February 20, 2009

Web 2.0?

What is Web 2.0? What does it mean to you? Can you even remember your life before the likes of Wikipedia, YouTube, Twitter, or even before you interacted with blogs? Can you remember the internet before this?

Whenever I try to think about life before Wikipedia and YouTube I get visions of dinosaurs in my head. Web 2.0 has truly created a gap in my mind that almost makes 'Web 1.0" into an entirely separate entity. I am shocked to realize this, as I think most people, myself included, imagine the web as a constantly evolving entity, one which never ceases and has no endpoint. This reminds me of the Red Queen from Alice in Wonderland. She must continue running only so she can stay in the same spot, let alone move forward. The internet must continually evolve and adapt to the latest trends and technology.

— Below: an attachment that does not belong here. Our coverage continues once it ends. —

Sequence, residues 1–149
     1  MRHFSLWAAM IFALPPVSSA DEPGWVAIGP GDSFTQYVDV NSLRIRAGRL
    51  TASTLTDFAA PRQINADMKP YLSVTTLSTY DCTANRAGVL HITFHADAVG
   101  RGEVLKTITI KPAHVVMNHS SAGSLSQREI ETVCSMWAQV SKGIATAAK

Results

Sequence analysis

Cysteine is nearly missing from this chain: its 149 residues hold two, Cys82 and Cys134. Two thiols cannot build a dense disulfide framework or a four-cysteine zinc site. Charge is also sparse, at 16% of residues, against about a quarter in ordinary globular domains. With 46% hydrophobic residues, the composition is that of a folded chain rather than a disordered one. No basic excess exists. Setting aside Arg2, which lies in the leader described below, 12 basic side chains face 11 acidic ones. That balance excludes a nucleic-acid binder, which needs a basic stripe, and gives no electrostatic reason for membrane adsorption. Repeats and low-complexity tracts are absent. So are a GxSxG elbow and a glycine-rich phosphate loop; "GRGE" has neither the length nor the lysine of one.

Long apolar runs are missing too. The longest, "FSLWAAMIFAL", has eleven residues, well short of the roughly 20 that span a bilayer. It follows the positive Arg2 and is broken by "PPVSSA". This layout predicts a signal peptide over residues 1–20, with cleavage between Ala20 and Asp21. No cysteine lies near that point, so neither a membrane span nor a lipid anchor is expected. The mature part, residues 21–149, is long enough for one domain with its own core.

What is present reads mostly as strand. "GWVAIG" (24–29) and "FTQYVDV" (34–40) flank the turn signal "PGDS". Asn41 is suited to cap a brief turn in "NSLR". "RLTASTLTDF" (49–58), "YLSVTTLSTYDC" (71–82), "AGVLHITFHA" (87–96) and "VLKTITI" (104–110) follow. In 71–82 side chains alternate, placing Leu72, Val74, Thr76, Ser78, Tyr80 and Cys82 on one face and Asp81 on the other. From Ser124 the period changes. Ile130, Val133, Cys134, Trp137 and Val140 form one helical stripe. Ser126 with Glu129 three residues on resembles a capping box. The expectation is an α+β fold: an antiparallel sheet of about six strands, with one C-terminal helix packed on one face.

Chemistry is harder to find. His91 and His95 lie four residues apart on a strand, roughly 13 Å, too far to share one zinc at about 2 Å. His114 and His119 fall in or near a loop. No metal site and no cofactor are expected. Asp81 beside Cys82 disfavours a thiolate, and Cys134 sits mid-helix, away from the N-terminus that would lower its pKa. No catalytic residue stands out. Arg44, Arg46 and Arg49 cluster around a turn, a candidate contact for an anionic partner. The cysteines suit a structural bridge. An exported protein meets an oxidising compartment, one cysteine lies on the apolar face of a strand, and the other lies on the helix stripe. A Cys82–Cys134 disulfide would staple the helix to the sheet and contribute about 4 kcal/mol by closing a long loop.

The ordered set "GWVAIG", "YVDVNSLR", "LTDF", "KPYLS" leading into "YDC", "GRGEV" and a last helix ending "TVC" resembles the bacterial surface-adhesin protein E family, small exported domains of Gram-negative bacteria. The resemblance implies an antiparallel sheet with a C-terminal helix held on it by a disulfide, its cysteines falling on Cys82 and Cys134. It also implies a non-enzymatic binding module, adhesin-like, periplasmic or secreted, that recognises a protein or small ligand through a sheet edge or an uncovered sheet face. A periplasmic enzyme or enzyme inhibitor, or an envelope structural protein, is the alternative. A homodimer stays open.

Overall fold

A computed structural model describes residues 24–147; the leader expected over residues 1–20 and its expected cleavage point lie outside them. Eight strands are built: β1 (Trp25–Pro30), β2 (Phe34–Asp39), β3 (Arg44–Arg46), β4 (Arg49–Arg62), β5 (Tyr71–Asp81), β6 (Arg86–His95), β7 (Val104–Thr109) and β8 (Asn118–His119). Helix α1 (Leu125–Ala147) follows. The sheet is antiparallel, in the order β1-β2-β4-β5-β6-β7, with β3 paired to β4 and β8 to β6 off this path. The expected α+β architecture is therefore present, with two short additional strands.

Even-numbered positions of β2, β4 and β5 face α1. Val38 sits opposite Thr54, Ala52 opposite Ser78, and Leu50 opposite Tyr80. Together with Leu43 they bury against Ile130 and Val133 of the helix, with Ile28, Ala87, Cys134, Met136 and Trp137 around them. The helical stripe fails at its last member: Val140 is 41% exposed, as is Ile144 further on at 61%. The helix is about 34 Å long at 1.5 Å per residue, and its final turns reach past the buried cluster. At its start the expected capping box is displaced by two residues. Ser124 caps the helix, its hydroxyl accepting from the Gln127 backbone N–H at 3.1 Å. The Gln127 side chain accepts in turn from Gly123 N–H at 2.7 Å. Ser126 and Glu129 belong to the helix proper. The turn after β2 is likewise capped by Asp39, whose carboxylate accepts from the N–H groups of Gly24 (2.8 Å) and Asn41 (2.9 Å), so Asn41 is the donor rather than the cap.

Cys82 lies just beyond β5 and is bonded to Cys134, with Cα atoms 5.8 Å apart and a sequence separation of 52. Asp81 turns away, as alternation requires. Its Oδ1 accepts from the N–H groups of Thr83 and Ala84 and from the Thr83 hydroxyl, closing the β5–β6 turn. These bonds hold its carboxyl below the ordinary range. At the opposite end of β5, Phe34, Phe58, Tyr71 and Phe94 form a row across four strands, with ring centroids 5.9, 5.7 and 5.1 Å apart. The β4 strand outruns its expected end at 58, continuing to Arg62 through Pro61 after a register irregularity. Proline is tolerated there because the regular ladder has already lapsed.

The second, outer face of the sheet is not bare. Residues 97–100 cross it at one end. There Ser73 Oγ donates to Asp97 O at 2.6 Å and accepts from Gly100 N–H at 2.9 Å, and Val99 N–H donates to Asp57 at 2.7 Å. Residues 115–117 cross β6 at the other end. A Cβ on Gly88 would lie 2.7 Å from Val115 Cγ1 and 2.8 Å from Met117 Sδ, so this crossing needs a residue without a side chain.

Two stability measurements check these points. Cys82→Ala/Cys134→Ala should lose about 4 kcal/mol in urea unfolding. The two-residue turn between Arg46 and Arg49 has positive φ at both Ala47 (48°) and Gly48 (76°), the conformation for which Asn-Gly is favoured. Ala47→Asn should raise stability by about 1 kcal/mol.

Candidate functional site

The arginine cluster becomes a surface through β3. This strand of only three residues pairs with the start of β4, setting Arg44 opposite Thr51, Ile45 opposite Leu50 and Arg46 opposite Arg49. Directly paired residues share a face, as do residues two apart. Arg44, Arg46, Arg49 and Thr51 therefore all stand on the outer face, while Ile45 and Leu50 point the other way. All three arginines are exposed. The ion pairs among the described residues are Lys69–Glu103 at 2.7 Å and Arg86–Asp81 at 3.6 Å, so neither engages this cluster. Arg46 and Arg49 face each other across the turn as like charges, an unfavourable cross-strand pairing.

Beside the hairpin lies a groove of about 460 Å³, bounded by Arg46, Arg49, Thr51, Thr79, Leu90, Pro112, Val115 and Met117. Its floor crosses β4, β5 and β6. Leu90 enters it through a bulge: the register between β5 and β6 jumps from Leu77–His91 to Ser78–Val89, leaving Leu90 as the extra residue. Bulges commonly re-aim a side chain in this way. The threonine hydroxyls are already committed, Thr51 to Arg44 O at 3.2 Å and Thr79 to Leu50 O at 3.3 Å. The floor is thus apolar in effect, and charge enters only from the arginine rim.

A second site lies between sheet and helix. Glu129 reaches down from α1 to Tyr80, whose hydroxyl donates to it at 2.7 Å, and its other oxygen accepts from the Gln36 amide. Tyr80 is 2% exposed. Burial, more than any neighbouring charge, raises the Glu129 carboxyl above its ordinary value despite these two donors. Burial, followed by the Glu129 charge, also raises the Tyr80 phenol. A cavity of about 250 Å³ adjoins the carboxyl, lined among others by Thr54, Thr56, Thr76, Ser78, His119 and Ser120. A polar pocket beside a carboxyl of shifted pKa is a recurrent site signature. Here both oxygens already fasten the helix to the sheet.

Can you imagine life without Twitter? Some people will tweet up 20-50 times a day. Congressmen have gotten in trouble for tweeting their location while on a trip in Iraq and Afghanistan. What was your life like before everyone had to know what you were feeling, doing, and thinking 24/7?

I'm really trying to get at the total paradigm shift that has happened since Web 2.0 'happened'. The internet was merely a collection of information. It was like a computer based CNN, newspaper, and encyclopedia all wrapped up in this 'network' of sites. Quite frankly, the internet was just another place to read stuff. There were forums and newsgroups, however these were designed for niche applications, and were not especially easy to find, use, or set up. Facebook, MySpace, Friendster, and a plethora of other social networking sites changed all that.

Facebook is still exponentially growing and shows no signs of stopping. The concept of interacting over the internet, in a medium more complex than a simple text chat has revolutionized the general view of the internet. Not only do people use the internet as a resource now, they contribute to make it a better resource.